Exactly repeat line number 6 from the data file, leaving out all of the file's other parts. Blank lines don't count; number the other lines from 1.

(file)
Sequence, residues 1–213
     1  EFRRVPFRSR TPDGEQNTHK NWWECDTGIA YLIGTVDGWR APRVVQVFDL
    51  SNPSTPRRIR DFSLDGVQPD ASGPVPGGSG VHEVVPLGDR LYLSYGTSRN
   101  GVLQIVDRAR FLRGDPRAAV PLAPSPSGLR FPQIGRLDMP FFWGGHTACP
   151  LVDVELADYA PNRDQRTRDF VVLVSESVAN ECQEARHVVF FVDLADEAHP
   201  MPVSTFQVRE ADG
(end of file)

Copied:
   201  MPVSTFQVRE ADG